Super Council chair Cathal Mallaghan has hit out TransportNI for what he terms a “shocking response” to the gritting needs of some areas of Mid Ulster, during recent freezing conditions.
Questioning whether the government department’s “failure to provide adequate reserves of grit” in some areas was a result of “a catalogue of errors or systematic discrimination”, the Sinn Fein councillor is calling for an urgent meeting with divisional manager Conor Loughrey.
“Dwellers in Kildress, Pomeroy and Rock were trapped in their homes with little or no grit on rural roads to get themselves moving,” he told the Mail. “TransportNI had failed to provide adequate reserves of grit for our people - 5 Days after the grit ran out it was replenished.
“Meanwhile, other areas of our district, namely Sandholes and Coagh, had their roads adequately gritted with men and machines.”
But as well as querying this, Cllr Mallaghan said he would like to know why Sandholes is considered a ‘primary route’ and is gritted every day when it carries just 69% of the traffic required (1,500) according the department, compared with the 81% that goes through Rock - which he believes is now busier, but still labelled a ‘secondary route’.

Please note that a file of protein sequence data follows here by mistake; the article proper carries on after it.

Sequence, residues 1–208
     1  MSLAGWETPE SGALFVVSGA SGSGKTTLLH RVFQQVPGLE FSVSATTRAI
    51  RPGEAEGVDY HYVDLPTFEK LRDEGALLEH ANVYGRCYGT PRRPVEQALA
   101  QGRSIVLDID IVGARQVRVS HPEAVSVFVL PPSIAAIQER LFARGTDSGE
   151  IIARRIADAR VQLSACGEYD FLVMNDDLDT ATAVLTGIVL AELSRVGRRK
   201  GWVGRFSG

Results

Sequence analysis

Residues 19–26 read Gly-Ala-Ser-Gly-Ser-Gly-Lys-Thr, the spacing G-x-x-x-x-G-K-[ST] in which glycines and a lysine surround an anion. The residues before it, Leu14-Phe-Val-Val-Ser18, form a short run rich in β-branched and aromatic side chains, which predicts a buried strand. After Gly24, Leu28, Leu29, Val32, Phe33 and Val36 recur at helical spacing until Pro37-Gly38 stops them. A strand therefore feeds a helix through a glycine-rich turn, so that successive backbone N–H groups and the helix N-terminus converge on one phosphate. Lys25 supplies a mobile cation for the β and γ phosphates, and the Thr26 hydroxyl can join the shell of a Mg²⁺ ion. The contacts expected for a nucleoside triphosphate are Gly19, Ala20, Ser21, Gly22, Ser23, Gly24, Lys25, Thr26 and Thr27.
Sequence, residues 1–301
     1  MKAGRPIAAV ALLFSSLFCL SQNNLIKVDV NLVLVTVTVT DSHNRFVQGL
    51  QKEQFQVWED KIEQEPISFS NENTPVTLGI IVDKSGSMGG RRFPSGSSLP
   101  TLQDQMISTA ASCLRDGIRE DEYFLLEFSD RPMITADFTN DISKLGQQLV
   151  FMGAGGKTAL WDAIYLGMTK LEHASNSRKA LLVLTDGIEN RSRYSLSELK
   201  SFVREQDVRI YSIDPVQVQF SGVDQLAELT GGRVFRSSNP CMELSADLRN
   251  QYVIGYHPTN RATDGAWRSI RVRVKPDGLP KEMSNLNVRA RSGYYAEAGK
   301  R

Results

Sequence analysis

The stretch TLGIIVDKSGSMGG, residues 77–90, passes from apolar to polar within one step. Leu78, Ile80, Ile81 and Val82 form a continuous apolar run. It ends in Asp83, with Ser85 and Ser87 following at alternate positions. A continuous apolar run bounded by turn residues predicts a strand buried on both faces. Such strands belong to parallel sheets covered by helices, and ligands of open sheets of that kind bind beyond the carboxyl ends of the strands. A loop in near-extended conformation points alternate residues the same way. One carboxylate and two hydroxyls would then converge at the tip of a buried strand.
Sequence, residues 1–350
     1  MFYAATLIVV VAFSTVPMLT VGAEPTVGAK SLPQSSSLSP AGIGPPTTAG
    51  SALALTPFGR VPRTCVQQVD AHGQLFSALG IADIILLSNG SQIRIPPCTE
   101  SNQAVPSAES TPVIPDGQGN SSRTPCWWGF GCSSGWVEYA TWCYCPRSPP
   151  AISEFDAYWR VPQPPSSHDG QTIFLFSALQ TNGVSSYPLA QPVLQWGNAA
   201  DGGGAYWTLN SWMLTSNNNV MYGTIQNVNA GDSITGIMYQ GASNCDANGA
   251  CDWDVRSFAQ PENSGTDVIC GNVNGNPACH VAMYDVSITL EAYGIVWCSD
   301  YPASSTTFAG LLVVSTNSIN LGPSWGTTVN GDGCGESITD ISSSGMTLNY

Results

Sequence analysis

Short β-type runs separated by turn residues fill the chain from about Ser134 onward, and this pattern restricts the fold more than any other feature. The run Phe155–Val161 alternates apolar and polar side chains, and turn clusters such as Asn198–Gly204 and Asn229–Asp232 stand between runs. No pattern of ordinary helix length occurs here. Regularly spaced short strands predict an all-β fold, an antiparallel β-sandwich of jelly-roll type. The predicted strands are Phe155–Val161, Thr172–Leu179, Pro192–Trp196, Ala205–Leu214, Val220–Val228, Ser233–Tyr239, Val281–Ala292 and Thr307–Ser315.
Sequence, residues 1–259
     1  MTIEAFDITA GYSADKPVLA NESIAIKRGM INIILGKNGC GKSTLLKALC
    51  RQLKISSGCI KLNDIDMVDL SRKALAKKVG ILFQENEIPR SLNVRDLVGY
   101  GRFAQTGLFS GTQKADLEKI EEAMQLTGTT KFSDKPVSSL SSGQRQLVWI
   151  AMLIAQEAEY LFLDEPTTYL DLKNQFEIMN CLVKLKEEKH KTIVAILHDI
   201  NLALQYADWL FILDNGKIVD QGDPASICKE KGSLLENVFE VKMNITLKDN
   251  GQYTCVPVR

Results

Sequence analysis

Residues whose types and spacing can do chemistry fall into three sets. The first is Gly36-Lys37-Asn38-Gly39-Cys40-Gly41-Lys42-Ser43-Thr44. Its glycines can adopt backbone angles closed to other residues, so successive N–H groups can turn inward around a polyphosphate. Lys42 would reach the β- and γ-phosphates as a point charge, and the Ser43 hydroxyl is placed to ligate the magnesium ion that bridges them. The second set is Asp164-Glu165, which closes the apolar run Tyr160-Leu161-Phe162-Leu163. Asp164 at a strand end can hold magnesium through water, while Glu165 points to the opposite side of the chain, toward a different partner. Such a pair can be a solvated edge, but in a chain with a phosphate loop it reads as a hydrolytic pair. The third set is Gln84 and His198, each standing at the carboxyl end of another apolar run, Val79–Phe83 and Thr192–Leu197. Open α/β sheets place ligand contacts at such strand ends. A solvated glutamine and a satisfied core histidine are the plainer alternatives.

Cllr Mallaghan has also challenged the actions of local manager, Robin Cuddy whom he said “didn’t know much about what was happening on the ground” when asked about gritting in rural areas.
Cllr Mallaghan said: “I am calling on TransportNI to administer equality to all citizens in Cookstown immediately, starting with regular gritting of the Tullyodonnell and Rockdale Roads.”
In response to Cllr Mallaghan’s concerns, a TransportNI spokesperson said: “Traffic volumes and route assessments for both Sandholes and Rock were provided to Cllr Mallaghan, [and] it was demonstrated that the figures warranted roads into the Sandholes being salted, but Rock did not qualify beyond the policy covering the gritted routes to schools.
“The figures cited by Cllr Mallagan are a misrepresentation of the data and do not reflect the true traffic volumes.”